By Jack Mangrove
With the cooler change over the last couple of weeks, water temperatures have continued to drop.
This is great news for anglers as this will really bring on the winter species.
On the beaches, the winter bream are really starting to show up with good numbers of fish over the 30cm mark being taken.
Just remember if you get a real big one “40cm plus” this is a very old fish and great breeding stock so best to take a photo and release it to continue the betterment of the species.
Also coming from the beach has been some nice jew, tailor and of course dart. Pilchards, fresh mullet, prawns and whitebait have all been working well.
There are plenty of good gutter around at the moment so best to head to the beach at the start of the run-in tide to spot the best ones to fish.
Don’t forget those worming plyers at the moment as there are plenty of worms on offer on the low tide.
Offshore things are really starting to change as offshore anglers shift their focus from pelagics to more reef species.
The closer reefs like the Jew Sholes, Sunshine and Halls, have been a bit hit and miss and have been producing quite a number of undersize fish, this will only improve as the water cools and the bigger fish move onto the closer reefs.
Still, some anglers have been picking up some quality snapper, sweetlip, cod and jewies.
For the angler that has been making the trip to the outer deeper reefs there are some great quality fish hitting the decks including snapper to 5kg, bigger pearl perch, kingies and Sampson fish.
There are still good schools of tuna around but they are a bit timid. Fishing upwind from them and casting around the edges of the school is the key.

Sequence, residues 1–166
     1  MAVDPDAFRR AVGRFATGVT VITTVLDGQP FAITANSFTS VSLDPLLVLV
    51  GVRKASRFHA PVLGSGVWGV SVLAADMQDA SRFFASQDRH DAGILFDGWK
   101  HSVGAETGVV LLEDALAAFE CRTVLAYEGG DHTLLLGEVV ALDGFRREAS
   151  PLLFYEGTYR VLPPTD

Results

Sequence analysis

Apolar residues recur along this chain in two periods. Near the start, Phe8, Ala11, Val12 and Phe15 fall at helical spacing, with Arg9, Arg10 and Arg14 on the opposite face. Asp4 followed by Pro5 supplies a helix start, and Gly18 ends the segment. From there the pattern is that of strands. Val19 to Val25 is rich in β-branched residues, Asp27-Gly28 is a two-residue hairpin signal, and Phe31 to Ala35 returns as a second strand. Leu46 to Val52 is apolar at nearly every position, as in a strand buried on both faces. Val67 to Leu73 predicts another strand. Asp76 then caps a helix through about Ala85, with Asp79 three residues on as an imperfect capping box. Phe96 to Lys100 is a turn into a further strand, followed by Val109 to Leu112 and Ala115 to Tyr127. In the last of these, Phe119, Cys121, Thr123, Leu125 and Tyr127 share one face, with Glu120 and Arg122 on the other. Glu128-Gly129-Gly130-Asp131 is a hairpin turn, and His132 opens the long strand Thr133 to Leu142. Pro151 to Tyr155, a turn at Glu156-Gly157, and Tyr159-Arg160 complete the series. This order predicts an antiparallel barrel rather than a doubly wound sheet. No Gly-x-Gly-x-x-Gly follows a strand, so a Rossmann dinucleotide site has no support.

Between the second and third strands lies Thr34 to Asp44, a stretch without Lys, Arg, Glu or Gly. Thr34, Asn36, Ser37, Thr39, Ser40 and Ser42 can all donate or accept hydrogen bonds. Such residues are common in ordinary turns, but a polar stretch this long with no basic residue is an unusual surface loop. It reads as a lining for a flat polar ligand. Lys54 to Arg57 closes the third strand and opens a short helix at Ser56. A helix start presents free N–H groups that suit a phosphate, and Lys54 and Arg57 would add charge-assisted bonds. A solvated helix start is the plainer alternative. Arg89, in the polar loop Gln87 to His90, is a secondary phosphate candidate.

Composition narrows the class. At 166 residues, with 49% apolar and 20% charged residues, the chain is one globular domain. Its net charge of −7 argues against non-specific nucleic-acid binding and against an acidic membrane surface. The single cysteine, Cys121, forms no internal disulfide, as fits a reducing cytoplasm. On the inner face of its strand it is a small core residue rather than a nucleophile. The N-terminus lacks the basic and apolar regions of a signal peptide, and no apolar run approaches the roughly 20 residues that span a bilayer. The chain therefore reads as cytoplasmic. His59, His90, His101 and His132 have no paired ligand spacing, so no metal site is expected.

Mackerel have also been accounted for with some big fish coming from the southern reefs around Maroochydore.
In the Noosa River, the mouth has been one of the prime spots with bream, tailor and trevally all taken on the incoming tide, again bait has been the most popular but some anglers have been using lighter gear with smaller soft plastics. Cast out with a fairly quick retrieve, these soft plastics have been chomped buy some big fish.
Heading upstream, Woods Bay and the back of the Noosa Sound is fishing well for trevally, queenfish and large bream. The bigger tide has been the evening tide so a night fish has seen some good results.
Poppers and surface walkers have been getting some great results as the fish are tending to feed on the surface.
Up river, the area from Tewantin Boat Harbour up to the Lakes has seen some great flathead action, with soft plastic vibes fished close to the bottom really stirring up the fish.
The other advantage about using a lure such as this is it offers the chance of tangling with some bigger by-catch such as mangrove jacks, school jew and even a threadfin salmon.
So on behalf of Jack Mangrove, best of luck on your fishing adventures!